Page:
Holy Motors — Begin in a dream (at least, call it a dream) of pushing through a forest wall into the balcony of a movie theater; a child, or a dog, walks on the red-carpeted aisle below. The audience pays no attention. A girl watches through a window.
“Goodbye, Papa!” You are stout and grey, and you walk down the driveway of a compound where men stand on the rooftops. “Good morning, Monsieur Oscar,” says the driver of your limo, an elegant, tall blonde d’un certain age. So that is your name.
There are nine appointments today. In the limo, you dress for the first one, and emerge as a hunchbacked gypsy woman with a cane and a cup. You walk away from the limo and find yourself on a bridge, where you panhandle, muttering aloud — or maybe to yourself? No one stops. No one even sees.
Back in the car, you strip it all away. You are no longer the gypsy woman–what’s more, you are no longer stout or grey, but wiry and shaven bald. For each of your appointments, you will don prosthetics, clothes, years, emotions. You will commit acts of violence, some savage, some skilled, some simply by dint of parenting, some by way of motion capture. You will murder; you will die. You will repeat your lines.
It will emerge that you are performing, seemingly for cameras smaller than the eye can see. This idea of a total theater is complicated by some of its impossible effects: how is it that you can confront a man who resembles you entirely? Your patron appears in the limo, neither exiting nor entering. He suggests your heart isn’t in it.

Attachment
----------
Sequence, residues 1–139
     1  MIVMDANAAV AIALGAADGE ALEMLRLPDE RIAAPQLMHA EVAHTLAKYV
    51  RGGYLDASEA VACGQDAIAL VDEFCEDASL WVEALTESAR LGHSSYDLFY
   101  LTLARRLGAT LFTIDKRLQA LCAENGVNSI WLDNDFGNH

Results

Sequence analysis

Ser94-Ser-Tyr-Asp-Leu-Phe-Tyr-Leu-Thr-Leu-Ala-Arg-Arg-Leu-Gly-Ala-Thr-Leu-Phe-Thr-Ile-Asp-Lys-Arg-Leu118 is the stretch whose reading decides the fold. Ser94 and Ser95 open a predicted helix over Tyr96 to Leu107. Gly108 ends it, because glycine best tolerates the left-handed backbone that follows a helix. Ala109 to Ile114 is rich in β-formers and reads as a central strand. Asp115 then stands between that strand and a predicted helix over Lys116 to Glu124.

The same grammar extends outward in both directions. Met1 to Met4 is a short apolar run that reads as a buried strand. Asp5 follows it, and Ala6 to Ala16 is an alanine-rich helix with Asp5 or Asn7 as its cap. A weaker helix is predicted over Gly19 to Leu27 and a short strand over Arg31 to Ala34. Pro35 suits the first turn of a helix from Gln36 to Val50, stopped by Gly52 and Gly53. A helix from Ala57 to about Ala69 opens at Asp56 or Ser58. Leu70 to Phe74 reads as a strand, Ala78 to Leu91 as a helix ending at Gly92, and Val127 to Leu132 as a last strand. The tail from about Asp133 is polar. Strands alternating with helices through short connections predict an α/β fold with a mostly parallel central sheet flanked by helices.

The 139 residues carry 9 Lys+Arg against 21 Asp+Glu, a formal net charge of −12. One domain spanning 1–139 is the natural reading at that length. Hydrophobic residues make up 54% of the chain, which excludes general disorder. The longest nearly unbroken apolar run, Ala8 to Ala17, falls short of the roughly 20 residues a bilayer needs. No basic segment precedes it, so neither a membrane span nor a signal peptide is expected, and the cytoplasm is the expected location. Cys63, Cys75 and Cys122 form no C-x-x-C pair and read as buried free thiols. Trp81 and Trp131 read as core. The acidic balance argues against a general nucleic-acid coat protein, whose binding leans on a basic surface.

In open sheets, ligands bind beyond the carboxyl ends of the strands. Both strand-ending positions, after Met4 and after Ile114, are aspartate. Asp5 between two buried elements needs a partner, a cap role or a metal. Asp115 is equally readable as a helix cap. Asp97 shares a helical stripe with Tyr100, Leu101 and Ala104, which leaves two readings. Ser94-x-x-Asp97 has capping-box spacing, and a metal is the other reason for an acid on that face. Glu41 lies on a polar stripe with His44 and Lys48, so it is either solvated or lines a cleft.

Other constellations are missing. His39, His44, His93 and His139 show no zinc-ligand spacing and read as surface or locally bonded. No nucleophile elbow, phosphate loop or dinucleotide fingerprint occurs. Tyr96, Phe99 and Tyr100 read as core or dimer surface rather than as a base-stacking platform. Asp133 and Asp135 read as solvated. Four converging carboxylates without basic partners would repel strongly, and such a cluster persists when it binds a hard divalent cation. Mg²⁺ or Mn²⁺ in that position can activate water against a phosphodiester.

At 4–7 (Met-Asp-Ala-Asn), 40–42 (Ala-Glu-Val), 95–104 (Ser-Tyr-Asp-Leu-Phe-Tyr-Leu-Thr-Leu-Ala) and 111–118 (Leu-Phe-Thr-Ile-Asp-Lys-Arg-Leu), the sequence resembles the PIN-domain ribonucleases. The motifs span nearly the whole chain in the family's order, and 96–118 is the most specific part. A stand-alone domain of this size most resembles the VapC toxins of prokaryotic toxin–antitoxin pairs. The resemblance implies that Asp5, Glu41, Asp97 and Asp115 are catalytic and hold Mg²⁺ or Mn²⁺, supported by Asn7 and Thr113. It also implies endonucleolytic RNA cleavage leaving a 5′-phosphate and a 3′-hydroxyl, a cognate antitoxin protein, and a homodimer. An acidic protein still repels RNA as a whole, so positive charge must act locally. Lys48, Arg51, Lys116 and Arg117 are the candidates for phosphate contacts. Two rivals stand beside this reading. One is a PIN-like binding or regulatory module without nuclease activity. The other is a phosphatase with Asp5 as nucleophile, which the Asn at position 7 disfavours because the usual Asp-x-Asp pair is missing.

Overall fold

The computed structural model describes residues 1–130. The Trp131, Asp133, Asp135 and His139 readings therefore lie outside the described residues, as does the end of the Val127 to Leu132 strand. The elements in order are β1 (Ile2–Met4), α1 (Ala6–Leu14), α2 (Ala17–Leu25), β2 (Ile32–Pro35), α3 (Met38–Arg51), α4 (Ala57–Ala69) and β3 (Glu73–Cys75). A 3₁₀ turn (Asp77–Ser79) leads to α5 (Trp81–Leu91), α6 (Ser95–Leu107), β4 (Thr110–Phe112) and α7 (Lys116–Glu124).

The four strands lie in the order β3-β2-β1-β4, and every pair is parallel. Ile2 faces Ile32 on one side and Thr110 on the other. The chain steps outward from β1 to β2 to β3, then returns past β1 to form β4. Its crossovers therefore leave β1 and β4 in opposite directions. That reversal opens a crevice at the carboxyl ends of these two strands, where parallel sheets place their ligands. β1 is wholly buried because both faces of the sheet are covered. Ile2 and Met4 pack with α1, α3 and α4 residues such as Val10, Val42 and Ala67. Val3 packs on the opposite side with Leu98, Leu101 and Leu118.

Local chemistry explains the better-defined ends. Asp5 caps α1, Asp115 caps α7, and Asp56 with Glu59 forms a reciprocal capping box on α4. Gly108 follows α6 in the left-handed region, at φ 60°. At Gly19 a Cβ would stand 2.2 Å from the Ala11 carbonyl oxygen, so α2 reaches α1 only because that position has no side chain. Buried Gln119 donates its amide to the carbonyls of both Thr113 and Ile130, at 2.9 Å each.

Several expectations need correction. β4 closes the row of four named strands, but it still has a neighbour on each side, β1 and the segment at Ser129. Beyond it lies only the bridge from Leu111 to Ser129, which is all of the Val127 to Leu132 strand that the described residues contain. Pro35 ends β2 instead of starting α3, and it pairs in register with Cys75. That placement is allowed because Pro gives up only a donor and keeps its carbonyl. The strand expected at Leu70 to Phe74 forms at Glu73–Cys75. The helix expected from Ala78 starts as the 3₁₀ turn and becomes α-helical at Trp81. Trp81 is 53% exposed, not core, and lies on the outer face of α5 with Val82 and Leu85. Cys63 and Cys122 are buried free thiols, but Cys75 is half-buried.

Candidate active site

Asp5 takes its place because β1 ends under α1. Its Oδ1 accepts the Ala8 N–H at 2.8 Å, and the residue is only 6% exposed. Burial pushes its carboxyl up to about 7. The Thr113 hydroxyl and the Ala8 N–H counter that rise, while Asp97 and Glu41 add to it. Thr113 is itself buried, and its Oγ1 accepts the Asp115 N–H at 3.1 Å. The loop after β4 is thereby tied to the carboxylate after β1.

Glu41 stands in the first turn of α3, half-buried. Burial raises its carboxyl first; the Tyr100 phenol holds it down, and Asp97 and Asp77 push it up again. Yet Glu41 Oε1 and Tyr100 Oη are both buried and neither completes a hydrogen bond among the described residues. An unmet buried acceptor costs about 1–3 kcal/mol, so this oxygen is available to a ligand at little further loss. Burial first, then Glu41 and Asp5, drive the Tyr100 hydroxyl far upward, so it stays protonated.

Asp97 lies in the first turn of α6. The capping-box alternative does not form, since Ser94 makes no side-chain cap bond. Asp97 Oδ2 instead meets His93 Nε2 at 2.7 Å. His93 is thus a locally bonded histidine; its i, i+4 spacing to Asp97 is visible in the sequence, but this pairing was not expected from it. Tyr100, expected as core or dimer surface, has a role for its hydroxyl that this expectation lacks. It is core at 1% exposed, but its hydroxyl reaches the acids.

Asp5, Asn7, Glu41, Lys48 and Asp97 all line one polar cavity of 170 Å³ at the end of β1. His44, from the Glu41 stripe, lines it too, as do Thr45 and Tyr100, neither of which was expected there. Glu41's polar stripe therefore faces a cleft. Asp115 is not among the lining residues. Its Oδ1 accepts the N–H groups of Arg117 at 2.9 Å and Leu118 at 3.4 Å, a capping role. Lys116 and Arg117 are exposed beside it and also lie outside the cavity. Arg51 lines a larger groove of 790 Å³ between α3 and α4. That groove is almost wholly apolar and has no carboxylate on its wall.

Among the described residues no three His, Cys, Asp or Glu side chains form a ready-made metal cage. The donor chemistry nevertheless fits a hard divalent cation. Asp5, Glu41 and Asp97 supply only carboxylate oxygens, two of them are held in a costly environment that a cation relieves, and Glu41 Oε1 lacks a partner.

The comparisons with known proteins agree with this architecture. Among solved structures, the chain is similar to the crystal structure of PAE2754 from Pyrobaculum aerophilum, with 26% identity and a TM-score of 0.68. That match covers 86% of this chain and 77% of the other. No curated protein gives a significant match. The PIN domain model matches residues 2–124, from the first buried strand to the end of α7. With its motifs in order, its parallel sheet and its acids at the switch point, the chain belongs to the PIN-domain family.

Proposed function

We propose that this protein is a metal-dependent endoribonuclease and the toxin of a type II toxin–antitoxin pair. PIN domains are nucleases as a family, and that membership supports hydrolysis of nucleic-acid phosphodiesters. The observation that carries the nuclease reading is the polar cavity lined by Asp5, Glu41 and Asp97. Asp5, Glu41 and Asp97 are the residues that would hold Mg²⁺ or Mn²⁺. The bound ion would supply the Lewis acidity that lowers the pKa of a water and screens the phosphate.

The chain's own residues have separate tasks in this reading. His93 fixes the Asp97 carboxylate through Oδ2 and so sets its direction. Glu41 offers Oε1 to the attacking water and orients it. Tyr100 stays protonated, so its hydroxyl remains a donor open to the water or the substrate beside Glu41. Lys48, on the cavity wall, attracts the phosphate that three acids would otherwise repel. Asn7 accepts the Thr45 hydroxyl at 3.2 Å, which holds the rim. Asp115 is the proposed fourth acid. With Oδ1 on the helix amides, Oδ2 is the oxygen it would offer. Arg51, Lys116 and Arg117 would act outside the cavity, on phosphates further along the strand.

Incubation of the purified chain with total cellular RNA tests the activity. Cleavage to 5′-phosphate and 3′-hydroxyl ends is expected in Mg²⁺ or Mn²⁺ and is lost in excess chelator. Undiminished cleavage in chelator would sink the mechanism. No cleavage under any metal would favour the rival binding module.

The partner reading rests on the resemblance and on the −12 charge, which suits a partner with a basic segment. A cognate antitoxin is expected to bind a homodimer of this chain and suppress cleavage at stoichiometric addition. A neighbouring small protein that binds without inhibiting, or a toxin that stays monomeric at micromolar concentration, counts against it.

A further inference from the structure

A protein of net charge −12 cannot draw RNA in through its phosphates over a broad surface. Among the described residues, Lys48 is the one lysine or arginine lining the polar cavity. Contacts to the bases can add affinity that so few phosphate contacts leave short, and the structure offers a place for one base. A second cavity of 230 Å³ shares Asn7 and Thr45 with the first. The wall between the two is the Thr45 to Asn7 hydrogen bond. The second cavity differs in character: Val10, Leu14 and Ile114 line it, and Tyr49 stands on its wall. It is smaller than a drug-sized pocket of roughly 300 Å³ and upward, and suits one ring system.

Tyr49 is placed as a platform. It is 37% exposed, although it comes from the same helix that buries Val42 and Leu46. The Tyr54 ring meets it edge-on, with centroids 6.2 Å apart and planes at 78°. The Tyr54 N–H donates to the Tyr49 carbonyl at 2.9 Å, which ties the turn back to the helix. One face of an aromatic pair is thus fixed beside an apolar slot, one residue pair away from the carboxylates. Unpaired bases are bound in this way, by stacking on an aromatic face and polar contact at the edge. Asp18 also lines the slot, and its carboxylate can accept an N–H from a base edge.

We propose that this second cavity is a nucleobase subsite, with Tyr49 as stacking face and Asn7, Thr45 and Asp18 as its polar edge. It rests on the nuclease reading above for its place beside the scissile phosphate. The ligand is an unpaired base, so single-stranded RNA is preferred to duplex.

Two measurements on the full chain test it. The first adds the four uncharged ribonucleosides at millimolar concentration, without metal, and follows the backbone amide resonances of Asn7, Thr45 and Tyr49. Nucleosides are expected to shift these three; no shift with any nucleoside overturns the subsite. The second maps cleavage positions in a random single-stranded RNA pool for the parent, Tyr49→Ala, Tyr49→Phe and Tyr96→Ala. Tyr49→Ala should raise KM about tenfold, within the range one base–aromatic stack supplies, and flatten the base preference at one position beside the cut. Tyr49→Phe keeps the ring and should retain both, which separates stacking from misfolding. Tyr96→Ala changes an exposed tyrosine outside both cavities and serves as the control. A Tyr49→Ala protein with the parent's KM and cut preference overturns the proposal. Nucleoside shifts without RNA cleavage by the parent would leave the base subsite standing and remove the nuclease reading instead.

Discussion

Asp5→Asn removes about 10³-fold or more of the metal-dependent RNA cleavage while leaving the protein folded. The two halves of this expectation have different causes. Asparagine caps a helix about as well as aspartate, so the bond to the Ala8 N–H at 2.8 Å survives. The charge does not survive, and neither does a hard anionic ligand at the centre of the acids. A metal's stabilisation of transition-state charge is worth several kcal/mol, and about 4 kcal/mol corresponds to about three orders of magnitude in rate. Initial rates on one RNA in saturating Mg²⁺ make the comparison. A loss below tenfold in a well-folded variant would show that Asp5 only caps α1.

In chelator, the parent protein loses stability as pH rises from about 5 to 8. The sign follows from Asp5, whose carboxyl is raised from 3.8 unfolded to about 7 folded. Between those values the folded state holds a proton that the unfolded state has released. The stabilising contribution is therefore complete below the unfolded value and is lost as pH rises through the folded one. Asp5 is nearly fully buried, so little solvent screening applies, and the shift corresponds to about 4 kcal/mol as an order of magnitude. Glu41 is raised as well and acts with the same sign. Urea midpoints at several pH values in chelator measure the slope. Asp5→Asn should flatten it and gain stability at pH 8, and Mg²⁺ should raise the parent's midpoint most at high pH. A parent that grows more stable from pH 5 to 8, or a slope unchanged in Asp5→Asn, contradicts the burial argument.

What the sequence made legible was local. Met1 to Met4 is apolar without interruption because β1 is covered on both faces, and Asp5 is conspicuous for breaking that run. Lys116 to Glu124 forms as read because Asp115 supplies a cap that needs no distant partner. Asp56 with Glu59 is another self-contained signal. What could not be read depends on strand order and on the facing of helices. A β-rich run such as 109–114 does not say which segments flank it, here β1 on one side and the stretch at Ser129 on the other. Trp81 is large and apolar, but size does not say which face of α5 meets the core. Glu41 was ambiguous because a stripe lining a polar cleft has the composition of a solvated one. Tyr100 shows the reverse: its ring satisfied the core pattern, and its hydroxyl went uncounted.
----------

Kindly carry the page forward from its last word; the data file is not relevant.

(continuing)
Your heart… by some chance, your limo bangs into another performer’s. The two of you steal what appears to be a genuine moment — itself an aria sung from a balcony — before she gives a performance that appears to be her last.
Is this a world of total surveillance? Is it our own? Is the self a prison which only your costly exertions can obliterate? Is the home you start in and the different one you end in an impossible odyssey, a parody of permanence in a Heraclitean river of a life?
Merry Christmas, AUFS! Have some additional cheer.
2 thoughts on “Who Were Monday Movies?”
We very much wanted to see Django Unchained on opening night, but our Christmas running caught up with us and we just didn’t have the energy. Therefore, the only movie I saw was Christmas Story. That has to be the most honest Christmas movie that’s “in the mix” for the Christmas movie cycle, right?
Don’t forget Bad Santa.
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